Earlier this year, in the course of four days, four people in Montgomery County killed themselves using a firearm.
“It shocked the community,” Blacksburg Police Chief Anthony Wilson said Wednesday. “We seemed to be in a downward spiral. Mental health is a big business for us.”
Wilson said the “saturation of guns and availability of guns” has exacerbated the consequences of people suffering from mental illnesses. To try and come up with possible solutions, he’s been speaking with Del. Chris Hurst, D-Blacksburg, Southwest Virginia’s regional chair of the “Safe Virginia Initiative” task force, developed in the wake of the Parkland, Florida, school shooting with a focus on gun control and school safety.
At a session on Wednesday in Lexington, law enforcement officials, commonwealth attorneys and policymakers brainstormed on reducing suicides and violence by removing firearms from people. The goal is a legislative proposal for next year’s General Assembly session.
Specifically, Hurst wanted to learn more from those in the room about what an “extreme risk protective order” law would look like.
Other states have created variations of this so-called “red flag” law, which gives judges discretion to remove guns from people not convicted of a crime if they show signs they might shoot themselves or someone else.
Police or state attorneys can petition a judge for such an order, and if granted, the person named typically has 24 hours to turn over all guns to law enforcement or to a third party, which can hold the guns for up to a year. The ultimate aim is to incentivize the person to seek mental health treatment.
A bill proposed during this year’s legislative session would have allowed a version of that policy, but didn’t make it out of the House of Delegates’ Courts of Justice Committee.
Law enforcement officials in rural Western Virginia localities said they were conflicted about extreme risk protection orders. They said they support the idea of quickly removing firearms from people for safety reasons, but have logistical concerns.
Would police departments have enough storage space to hold firearms? What happens when there are numerous guns in the home belonging to multiple people besides the person posing a risk?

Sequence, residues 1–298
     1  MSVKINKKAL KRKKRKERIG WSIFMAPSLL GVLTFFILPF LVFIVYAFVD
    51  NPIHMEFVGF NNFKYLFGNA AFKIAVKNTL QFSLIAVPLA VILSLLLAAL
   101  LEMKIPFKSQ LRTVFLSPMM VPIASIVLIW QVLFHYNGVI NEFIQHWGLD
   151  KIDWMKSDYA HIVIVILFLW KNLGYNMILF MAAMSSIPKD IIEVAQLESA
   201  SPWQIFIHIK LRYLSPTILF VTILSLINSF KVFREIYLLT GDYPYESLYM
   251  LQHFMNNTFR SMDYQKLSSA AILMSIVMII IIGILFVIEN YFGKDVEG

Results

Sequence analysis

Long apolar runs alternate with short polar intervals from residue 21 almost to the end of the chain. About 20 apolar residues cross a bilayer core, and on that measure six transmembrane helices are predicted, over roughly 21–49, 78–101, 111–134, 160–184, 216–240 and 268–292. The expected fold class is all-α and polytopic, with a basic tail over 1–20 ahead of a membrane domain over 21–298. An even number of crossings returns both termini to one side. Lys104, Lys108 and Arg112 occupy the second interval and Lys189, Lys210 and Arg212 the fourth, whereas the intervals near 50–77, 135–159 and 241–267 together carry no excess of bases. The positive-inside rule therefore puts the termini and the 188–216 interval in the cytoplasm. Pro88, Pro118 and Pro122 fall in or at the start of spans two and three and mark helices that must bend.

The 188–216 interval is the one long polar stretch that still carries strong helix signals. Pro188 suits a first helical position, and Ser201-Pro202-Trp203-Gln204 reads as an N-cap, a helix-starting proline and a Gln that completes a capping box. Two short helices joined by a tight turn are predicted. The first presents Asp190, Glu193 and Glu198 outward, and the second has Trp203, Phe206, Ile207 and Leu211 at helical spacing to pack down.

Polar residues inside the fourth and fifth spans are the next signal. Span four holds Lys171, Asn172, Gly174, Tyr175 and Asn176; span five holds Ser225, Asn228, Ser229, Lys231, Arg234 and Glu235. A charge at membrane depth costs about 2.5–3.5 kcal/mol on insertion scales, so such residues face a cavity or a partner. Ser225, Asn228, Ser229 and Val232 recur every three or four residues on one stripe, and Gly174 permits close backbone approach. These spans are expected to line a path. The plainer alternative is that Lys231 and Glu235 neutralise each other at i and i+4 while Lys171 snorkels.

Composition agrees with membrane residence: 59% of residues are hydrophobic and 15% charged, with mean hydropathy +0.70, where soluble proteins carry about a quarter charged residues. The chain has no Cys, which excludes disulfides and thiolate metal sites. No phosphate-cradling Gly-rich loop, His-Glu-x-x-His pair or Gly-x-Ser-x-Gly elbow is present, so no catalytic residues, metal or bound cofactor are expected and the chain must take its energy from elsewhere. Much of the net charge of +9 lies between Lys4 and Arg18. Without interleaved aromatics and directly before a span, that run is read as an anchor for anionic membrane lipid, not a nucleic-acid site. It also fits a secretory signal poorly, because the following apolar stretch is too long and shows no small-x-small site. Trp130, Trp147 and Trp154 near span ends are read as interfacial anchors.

In smaller localities, law enforcement officials said they would need at least two or more officers to remove guns from a house, which can mean pulling most of the officers away from patrol duty. One law enforcement official suggested needing a SWAT team’s involvement if there are numerous guns and hostile people.
Officials said they already feel overwhelmed by other duties the state has thrust upon them, such as the hours spent with transporting people who have been issued a temporary custody order to a mental health facility.
“What we fear most in law enforcement is we ultimately end up as the last stop for most people,” Wilson said. “We take on a lot of responsibility with not a lot of backup.”
More states are approving or considering versions of red flag laws, and early research has shown promising results in curbing suicide by firearm, said Nicky Zamostny, assistant secretary at the state Office of the Secretary of Public Safety and Homeland Security.
“We’re seeing bipartisan support nationwide,” Zamostny said.
The General Assembly this year killed a number of gun control bills, including proposals to require universal background checks on gun purchases and a ban on bump stocks.
Republican leaders in the House of Delegates created a select committee, made up of 12 Republicans and 10 Democrats and chaired by House Speaker Kirk Cox, R-Colonial Heights, to study school safety without focusing on guns. Its next meeting is July 11 at Meadowbrook High School in Chesterfield County. It will review state and local policies on school security and make recommendations for the 2019 legislative session.
Still, Hurst is optimistic that lawmakers can find common ground on how to reduce firearm-related deaths and injuries.